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My conservatory gets really warm so I think I may invest in one of these log makers to recycle my shredded paper that gets thrown away, as I thought if its warm in there it should dry them out quite quickly. I guess the chimney would need cleaning more? I want to give them to a friend of mine that is an avid recycler and often gives me things so she would be impressed with a box of paper bricks.
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# 14
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Old 15-01-2006, 7:42 PM
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Halloween Queen, I think that is a marvelous idea, your friend will be well impressed with you, and even more made up because you have put the effort into a perfect gift she will appriciate - and it is free!!!!

I have had a lot of fun making mine, I'm going to give it whirl and put some essential oil in the water when soaking so it gives off an aroma when drying them out.

Andrea x
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# 15
moggins
Old 15-01-2006, 8:04 PM
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Boohoo, I'd love a real fire but the people I got in to clean my chimney told me it would need lining before I could use it or fit a wood burner
Organised people are just too lazy to look for things

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# 16
Zed42
Old 15-01-2006, 8:52 PM
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Oh dear, what have you started!


I've had to go and soak some paper, and made my first small balls which are now sitting on top of the boiler drying. If these work, I s'pose I may just have to find 20 to invest in a proper brick thingie!!

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# 17
halloweenqueen
Old 15-01-2006, 8:58 PM
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Well I just ordered one form scotts of stow for 25 inc postage, I intend to get quite a bit of wear out of it!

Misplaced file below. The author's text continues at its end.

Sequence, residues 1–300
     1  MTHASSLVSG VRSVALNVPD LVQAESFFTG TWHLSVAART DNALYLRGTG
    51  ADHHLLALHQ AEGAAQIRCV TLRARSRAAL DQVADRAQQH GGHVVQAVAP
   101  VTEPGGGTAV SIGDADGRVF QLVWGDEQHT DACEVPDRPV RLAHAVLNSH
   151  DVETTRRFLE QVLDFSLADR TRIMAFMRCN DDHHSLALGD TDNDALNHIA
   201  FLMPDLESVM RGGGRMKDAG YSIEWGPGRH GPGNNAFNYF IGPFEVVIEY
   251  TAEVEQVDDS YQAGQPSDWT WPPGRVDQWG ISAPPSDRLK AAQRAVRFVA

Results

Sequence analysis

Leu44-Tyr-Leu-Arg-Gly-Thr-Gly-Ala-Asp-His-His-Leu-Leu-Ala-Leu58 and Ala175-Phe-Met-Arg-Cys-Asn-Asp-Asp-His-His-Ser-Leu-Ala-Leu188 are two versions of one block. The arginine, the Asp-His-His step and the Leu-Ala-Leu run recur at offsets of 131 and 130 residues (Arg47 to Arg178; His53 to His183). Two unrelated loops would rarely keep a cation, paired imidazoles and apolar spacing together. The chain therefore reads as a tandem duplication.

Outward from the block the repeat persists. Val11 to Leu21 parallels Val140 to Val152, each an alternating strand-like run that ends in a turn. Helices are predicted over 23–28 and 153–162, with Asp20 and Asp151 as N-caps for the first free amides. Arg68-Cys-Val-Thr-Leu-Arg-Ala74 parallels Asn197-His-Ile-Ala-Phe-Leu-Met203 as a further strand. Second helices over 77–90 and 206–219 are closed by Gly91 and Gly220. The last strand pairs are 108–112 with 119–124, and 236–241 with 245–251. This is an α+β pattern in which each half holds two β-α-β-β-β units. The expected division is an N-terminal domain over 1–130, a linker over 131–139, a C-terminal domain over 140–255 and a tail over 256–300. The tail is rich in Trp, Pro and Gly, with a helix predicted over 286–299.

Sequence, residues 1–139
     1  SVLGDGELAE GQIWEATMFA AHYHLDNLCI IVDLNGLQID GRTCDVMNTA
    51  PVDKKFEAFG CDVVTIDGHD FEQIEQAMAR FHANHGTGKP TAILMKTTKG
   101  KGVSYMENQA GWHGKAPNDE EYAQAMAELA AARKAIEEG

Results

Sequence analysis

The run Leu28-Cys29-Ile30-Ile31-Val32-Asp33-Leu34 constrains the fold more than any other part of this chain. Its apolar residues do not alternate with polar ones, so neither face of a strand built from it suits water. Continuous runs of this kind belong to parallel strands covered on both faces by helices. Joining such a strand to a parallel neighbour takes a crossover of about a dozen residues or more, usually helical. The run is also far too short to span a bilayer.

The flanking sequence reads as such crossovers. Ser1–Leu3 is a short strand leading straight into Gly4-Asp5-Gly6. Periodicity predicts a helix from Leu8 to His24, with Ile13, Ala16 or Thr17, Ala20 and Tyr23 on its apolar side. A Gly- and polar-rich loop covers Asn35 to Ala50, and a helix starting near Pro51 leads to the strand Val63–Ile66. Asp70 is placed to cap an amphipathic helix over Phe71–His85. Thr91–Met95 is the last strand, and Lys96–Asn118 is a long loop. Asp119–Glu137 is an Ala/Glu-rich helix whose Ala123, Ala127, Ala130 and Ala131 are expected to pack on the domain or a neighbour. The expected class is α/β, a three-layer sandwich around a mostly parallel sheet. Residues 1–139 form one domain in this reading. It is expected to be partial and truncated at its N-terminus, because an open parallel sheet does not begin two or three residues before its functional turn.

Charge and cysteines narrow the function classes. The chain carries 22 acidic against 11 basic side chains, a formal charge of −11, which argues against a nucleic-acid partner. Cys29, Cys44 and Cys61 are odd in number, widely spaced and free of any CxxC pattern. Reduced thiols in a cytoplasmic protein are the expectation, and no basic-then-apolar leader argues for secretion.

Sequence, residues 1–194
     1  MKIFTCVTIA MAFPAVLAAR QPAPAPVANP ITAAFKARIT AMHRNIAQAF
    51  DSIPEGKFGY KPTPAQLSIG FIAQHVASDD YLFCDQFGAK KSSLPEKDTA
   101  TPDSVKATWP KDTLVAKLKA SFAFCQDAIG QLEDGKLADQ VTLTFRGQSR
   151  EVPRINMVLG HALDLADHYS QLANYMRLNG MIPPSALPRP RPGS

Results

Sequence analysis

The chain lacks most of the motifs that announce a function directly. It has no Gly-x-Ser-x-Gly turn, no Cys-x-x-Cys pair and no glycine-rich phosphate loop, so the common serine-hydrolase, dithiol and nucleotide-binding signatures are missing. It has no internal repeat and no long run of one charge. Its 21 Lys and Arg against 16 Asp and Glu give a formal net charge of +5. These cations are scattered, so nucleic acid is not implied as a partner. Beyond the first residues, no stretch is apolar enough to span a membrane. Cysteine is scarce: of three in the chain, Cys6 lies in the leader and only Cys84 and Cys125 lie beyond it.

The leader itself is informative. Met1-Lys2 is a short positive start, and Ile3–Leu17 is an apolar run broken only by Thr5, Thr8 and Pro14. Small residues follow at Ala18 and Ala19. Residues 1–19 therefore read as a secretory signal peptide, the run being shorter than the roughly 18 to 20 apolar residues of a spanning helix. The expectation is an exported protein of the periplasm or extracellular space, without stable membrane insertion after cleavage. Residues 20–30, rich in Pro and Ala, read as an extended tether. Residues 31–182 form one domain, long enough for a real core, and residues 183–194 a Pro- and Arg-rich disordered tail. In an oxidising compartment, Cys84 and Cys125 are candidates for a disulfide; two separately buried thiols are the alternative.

Do you put the bricks on anything special - like a cake cooling rack or a couple of bits of wood - what stops them sticking to whatever you put them on?
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# 18
halloweenqueen
Old 16-01-2006, 1:02 PM
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Can toilet/kitchen rolls tubes be used to make these bricks? we seem to get through loads of them!
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# 19
Lillibet
Old 16-01-2006, 2:32 PM
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I keep umming & erring about buying one of these, we never seem to have enough newspaper in the winter to start our fires but I thought this could be a summer project? The drying/storing space is my problem, Spud just seems to take up a massive ammount of room for such a small person!!! Could I dry them outside in the summer on sunny days do you think? My airing cupbaord is full to burstign & tiny and my conservatory never gets very warm. Could I keep them in the loft or would they be a fire hazard?
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# 20
SueRob
Old 16-01-2006, 2:54 PM
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I've made fire lighters by rolling a newspaper diagonaly (sp) flattening it out, folding in half then sort of plaiting it.